LLS Staff Seminar #1: When the Damages Run Dry: The Borderlines of Tort, Injury Compensation and Social Security

In the first La Trobe Law School Staff Seminar for 2016, Dr Genevieve Grant, Lecturer at Monash Law School will discuss her research on tort law, ‘double dipping’ and special circumstances review decisions of the Administrative Appeals Tribunal.


Tort law aims to compensate injured plaintiffs by placing them in the position they would have occupied if uninjured (as far as money can). In practice, lump sums often ‘run out’ or are prematurely dissipated. Where plaintiffs’ funds have been dissipated, social security plays a key role in providing support. Despite the importance of understanding the interface of the tort and social security systems, there has been little empirical investigation of the experiences of tort plaintiffs who seek early access to social security after their receipt of damages.

Genevieve will present findings of an empirical study of special circumstances review decisions of the Administrative Appeals Tribunal. To prevent ‘double dipping’, a compensated tort plaintiff will typically be subject to a social security preclusion period. Under the Social Security Act 1991 (Cth), the Department of Human Services and Centrelink may treat a compensation payment as not having been made, if appropriate in the special circumstances of the case. A finding of special circumstances can have the effect of reducing or waiving the preclusion period, thereby speeding up access to social security. These assessments can be appealed, paving the way for disputes at the border of social security and injury compensation. The disputes provide a rare window on the interface between these chief sources of financial support for people who sustain personal injury. Through content analysis of these decisions, this research sheds light on the characteristics and experiences of claimants who argue for early access to social security after they have received damages.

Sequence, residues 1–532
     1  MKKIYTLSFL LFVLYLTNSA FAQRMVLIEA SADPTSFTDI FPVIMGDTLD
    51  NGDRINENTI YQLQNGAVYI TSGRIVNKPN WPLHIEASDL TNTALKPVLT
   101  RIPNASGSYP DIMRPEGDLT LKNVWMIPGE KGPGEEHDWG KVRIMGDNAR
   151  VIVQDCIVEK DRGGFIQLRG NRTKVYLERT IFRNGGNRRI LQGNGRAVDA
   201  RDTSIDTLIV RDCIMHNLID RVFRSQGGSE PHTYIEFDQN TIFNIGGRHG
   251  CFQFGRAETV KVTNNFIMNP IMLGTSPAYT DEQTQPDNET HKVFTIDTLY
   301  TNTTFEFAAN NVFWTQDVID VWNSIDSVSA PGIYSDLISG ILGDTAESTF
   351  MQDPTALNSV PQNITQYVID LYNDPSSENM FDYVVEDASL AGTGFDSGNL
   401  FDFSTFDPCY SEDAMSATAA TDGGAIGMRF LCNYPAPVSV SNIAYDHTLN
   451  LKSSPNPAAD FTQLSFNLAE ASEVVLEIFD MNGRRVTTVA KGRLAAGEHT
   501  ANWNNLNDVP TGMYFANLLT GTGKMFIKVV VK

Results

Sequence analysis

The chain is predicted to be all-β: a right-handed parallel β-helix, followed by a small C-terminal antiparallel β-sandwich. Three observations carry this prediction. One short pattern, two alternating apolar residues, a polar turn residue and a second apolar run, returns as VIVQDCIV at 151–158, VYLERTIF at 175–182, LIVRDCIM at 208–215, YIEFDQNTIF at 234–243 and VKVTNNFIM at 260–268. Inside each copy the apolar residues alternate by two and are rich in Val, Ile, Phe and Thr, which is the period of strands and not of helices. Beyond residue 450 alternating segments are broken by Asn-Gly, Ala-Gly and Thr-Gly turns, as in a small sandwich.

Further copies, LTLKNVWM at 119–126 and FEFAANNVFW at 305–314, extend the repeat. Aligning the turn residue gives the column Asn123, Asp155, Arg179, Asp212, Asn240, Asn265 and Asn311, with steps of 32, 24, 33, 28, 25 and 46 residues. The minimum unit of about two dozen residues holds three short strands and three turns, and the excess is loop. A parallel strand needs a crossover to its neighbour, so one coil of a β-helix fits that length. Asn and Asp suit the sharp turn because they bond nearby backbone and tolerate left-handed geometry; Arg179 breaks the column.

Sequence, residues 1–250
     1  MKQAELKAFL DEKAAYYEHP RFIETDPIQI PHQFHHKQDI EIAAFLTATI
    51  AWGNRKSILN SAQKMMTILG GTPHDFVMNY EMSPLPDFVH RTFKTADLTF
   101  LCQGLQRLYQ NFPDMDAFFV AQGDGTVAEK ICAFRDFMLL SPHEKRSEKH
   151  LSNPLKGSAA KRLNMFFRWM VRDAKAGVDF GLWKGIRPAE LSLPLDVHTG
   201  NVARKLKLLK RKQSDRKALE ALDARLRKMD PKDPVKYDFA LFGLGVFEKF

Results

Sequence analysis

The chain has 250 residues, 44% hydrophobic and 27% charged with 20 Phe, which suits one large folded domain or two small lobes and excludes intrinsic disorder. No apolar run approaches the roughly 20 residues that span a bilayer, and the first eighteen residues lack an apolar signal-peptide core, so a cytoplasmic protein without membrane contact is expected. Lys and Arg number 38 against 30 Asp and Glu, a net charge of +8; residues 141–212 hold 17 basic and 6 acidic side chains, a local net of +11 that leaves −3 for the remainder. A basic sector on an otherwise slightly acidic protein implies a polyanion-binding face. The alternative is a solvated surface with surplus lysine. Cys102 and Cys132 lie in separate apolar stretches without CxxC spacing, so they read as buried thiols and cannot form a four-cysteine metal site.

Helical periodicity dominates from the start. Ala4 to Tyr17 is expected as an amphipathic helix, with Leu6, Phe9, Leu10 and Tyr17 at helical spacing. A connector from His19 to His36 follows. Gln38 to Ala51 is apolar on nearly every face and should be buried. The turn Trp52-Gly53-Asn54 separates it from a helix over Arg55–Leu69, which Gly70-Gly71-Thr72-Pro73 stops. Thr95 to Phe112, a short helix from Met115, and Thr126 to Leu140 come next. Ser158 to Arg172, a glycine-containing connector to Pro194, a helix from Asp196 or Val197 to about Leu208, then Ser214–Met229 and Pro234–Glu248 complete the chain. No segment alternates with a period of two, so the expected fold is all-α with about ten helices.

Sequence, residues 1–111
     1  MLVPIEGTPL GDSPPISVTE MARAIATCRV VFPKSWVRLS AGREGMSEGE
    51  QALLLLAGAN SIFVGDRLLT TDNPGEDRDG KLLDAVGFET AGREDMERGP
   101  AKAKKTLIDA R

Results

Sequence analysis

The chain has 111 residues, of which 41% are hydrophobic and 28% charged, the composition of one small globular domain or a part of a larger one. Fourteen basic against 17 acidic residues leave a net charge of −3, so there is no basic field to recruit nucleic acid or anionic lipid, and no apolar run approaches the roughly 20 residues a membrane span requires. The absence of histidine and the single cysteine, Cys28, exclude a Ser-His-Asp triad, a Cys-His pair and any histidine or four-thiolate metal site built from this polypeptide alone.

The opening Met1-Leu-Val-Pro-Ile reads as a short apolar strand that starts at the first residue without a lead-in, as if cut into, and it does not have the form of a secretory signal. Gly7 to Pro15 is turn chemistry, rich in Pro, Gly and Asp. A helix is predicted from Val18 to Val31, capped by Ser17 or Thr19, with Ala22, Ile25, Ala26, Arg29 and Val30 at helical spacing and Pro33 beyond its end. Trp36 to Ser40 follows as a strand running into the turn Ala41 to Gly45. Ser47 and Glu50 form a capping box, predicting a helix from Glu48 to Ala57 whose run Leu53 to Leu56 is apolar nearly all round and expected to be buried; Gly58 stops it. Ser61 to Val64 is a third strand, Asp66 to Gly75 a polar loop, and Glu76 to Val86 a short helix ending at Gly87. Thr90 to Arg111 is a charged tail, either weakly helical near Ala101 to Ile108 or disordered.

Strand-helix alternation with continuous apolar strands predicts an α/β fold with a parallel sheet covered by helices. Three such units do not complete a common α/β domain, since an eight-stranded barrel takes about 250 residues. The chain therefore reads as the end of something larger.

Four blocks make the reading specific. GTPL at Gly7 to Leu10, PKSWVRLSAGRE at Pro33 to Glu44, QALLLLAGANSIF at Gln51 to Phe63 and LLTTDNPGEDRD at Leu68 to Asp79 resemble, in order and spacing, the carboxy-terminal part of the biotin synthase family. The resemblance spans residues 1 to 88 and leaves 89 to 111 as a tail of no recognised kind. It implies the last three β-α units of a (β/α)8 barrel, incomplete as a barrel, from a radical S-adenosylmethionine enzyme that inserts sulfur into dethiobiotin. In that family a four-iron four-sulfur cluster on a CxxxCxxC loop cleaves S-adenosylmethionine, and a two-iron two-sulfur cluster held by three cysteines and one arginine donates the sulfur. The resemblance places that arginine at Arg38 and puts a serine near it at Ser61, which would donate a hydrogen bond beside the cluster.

Dr Genevieve Grant is a Lecturer in the Law Faculty at Monash University, where she teaches litigation and dispute resolution, health law and legal ethics. Genevieve has a PhD in Law and Public Health, and a past history as an injury litigation lawyer. Her research is empirical and socio-legal and her interests include injury compensation and civil justice.


Date: Thursday 3 March 2016

Time: 12.45pm to 2pm

Venue: Martin Building, Level 3, Room 362A, La Trobe University, Bundoora

Cost: Free

RVSP: Please RSVP via Eventbrite by Tuesday 1 March 2016.

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